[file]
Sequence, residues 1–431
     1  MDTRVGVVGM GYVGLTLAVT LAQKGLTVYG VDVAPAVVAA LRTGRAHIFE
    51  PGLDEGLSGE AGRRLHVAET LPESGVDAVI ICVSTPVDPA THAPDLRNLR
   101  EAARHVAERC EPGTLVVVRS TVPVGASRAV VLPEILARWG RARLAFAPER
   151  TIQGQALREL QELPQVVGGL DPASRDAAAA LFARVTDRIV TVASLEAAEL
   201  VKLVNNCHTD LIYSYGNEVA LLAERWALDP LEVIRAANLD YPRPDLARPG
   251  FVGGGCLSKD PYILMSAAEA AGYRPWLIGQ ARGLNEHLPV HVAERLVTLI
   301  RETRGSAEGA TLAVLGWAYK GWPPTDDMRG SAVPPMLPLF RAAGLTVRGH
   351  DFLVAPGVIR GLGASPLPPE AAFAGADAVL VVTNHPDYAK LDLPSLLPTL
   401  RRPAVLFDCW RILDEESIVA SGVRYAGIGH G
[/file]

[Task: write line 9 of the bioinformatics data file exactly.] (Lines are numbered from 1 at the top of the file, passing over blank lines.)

   351  DFLVAPGVIR GLGASPLPPE AAFAGADAVL VVTNHPDYAK LDLPSLLPTL